Zines

Origin stories, séances, astronaut egos, and so many more short stories about (and relationships with) the moon.

Edited by Joseph Carlough at Displaced Snail Publications. With work by: Carolyn Busa, Charlene Kwon, Heather Butts, Hrishikesh Hirway, Jesse Reklaw, Joseph Carlough, Josh Berwanger, Katie Haegele, Kishi Bashi, Kristen Martin, Marguerite Dabaie, Michael Jasorka, Mike Adams, Mocha Ishibashi, Molly Rice, and Thaddeus Rutkowski...[ continued ]

Simple and practical suggestions to help you get your words onto the page. Straightforward, laid out nicely, and accessible to everyone.

Also included within: a fun abridged history of writing and communication tools.

28 pages, half-letter size, cover colors vary.

A mug-shaped zine about mugs called, simply, Mugs. Collecting them, loving them, stories about them. 

44 pages, quarter-size.

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Every issue of the My Complicated Relationship With Food zine series is impossibly good. These "reviews of some of the things we put in our mouths" are surprising and bizarre and, after years of between-issue waiting, Volume Four is finally here and well worth the wait.

Within: getting drunk off mouthwash, potato appreciation, trying to define what a sandwich actually is, the case against gelato, and so much more...[ continued ]

In My Complicated Relationship With Food, Zach discusses his unusual relationship with food by reviewing a variety of (seemingly) simple and common foods. What comes out is uncommonly hilarious and fascinating.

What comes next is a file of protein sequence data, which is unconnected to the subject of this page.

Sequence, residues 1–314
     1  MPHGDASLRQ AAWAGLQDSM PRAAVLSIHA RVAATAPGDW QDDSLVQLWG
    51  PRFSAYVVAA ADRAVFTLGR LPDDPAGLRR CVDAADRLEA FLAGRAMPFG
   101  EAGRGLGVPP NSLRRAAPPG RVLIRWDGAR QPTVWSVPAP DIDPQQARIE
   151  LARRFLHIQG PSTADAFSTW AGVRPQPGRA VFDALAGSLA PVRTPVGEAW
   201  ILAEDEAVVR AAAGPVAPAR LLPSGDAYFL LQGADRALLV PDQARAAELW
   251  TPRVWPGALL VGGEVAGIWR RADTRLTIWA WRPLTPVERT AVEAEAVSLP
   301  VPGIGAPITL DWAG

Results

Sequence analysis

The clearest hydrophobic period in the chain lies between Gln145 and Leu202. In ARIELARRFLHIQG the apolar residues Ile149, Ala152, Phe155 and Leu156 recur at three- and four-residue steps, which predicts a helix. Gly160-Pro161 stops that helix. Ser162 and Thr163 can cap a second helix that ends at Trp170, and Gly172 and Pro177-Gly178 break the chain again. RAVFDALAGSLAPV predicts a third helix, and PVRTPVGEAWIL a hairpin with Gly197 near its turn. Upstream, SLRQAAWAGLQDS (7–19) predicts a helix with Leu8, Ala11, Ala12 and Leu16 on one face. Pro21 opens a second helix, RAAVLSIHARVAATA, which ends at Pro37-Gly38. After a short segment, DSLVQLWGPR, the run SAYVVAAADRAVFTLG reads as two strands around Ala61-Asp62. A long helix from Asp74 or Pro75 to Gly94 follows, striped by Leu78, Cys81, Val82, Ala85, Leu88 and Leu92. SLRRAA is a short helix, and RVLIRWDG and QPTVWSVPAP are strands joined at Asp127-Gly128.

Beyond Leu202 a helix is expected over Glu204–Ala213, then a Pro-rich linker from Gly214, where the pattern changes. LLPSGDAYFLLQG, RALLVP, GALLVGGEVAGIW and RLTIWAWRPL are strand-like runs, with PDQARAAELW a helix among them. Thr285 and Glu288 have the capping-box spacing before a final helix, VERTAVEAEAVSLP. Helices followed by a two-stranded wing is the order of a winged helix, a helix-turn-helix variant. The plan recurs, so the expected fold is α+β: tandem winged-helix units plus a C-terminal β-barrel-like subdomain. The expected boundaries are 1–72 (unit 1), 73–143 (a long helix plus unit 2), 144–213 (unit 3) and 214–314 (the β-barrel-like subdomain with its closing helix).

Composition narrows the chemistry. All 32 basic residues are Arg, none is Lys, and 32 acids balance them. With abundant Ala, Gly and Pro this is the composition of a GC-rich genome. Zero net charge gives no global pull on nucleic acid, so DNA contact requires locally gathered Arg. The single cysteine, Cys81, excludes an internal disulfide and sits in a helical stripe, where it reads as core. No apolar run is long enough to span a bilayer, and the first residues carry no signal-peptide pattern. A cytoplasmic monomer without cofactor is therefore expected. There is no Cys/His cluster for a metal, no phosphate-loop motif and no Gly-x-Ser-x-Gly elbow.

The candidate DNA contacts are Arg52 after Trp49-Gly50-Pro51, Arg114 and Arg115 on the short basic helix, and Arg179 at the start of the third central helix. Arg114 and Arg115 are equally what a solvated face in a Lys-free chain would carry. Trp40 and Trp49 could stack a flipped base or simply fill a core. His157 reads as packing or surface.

And any zine that starts by saying, "I have weird thoughts about food. I am well aware that many of my ideas are ridiculous and probably wrong" is bound to be something special...[ continued ]

The bludgeoning powers of pineapples, the lie of Florida orange juice, the joys of drinking applesauce from the jar, and why fancy ice cream is just a pathetic search for meaning.

Great for coffee tables, as small gifts, and reading aloud to friends.

20 pages, quarter-size.

Never has a collection of opinions on ordinary foods been so incredibly funny. 

20 pages, quarter size.

Old-school variety-zine style. Quizzes, cut-and-paste horoscopes, an advice column, reviews of old movies, poems, comics.

16 pages, half-letter size.

One Punk's Guide to Star Trek is both a great read and an accessible guide for the newcomer (as well as those who have just dipped a toe into the Trek universe). Effortlessly summing up the complex backstories and timelines, Seattle Trekkie-punk Kayla Greet gives a primer to 50+ years of the best in secular-humanist social-commentary sci-fi television programming. 

Focusing on The Next Generation and Deep Space Nine, but also covering previous and present series, she gives a brief explanation of each and lists key entry-point episodes...[ continued ]

Leave it to PonyBoy Press to write a concise history of everything you ever wanted to know about I Love Lucy. Early TV history, the many ways the show was ahead of its time, and all the dirt behind the first hugely successful American sitcom.

Profiles on Desi Arnaz, Vivian Vance, William Frawley, and (of course) Lucille Ball. Plus the best episodes, eras of the show, the bad parts, song lyrics, recommended viewing, and a reading list...[ continued ]